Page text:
Feature films and TV dramas, by year of release

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  • Hating Alison Ashley (2005)
  • The Extra (2005)
  • Charlotte's Web (2006)
  • Nightmares and Dreamscapes: From the Stories of Stephen King (2006)
  • Ghost Rider (2007)
  • Storm Warning (2007)
  • Satisfaction (2007–09)
  • As the Bell Rings (Disney, 2009–11)
  • Where the Wild Things Are (2009)
  • Knowing (2009)
  • The Pacific (miniseries) (2010)
  • Tomorrow, When the War Began (2010)
  • Don't Be Afraid of the Dark (2010)
  • The Eye of the Storm (2011 - production base only)
  • Winners and Losers (2011–16)
  • Killer Elite (2011)
  • Jack Irish (2012-16)
  • Crawlspace (2012)
  • Patrick (2013)
  • INXS: Never Tear Us Apart (2014)
  • I, Frankenstein (2014)
  • Predestination (2014)
  • The Dressmaker (2015)
  • Oddball (2015)
  • Childhood's End (2015)
  • Sucker (2015)
  • Restoration (2016)
  • The Menkoff Method (2016)
  • Lion (2016 - production base only)
  • The Legend of Ben Hall (2016)
  • The Leftovers (2017)
  • The King's Daughter (2017)
  • Berlin Syndrome (2017)
  • Audience based TV productions, by year of broadcast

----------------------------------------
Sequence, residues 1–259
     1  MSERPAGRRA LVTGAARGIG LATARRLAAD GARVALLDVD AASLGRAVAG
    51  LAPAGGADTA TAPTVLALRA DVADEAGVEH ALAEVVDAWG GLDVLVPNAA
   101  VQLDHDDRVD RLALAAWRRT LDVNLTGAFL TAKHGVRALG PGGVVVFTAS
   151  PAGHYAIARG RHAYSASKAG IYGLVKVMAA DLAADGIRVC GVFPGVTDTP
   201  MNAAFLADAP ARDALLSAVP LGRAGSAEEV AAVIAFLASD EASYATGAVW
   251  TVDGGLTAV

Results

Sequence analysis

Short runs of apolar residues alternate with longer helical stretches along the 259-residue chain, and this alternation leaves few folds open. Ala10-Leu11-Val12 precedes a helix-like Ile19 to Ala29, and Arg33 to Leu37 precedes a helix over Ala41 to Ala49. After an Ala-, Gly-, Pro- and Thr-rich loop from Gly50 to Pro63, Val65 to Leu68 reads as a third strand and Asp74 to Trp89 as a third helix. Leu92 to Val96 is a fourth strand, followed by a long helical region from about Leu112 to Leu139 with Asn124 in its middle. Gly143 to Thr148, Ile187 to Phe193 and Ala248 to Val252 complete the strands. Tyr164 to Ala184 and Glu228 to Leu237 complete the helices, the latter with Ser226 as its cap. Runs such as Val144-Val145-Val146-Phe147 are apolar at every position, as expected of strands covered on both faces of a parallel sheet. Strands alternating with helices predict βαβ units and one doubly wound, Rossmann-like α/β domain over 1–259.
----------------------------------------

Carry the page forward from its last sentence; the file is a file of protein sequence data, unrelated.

• Last Man Standing (Seven Network, 2005)
  • The Rich List (Seven Network, 2007)
  • 1 vs. 100 (Nine Network, 2007–08)
  • Hole in the Wall (Nine Network, 2008)
  • Project Runway Australia (Foxtel, 2008)
  • Are You Smarter Than a 5th Grader? (Network Ten, 2008–09)
  • Talkin' 'Bout Your Generation (Network Ten, 2009–12)
  • Beat the Star (Seven Network, 2010)
  • Iron Chef Australia (Seven Network, 2010)
  • Australia's Got Talent (Seven Network, 2010–12)
  • Ben Elton Live from Planet Earth (Nine Network, 2011)
  • The Million Dollar Drop (Nine Network, 2011)
  • Millionaire Hot Seat (Nine Network, 2011–27, started in 2009)
  • The AFL Footy Show (Nine Network, 2011–17, started in 1994)
  • Everybody Dance Now (Network Ten, 2012)
  • SlideShow (Seven Network, 2013)
  • Q&A, Melbourne episodes (ABC TV, 2016–17, started in 2008)
  • The Big Music Quiz (Seven Network 2016)
  • References

    Docklands Studios Melbourne Wikipedia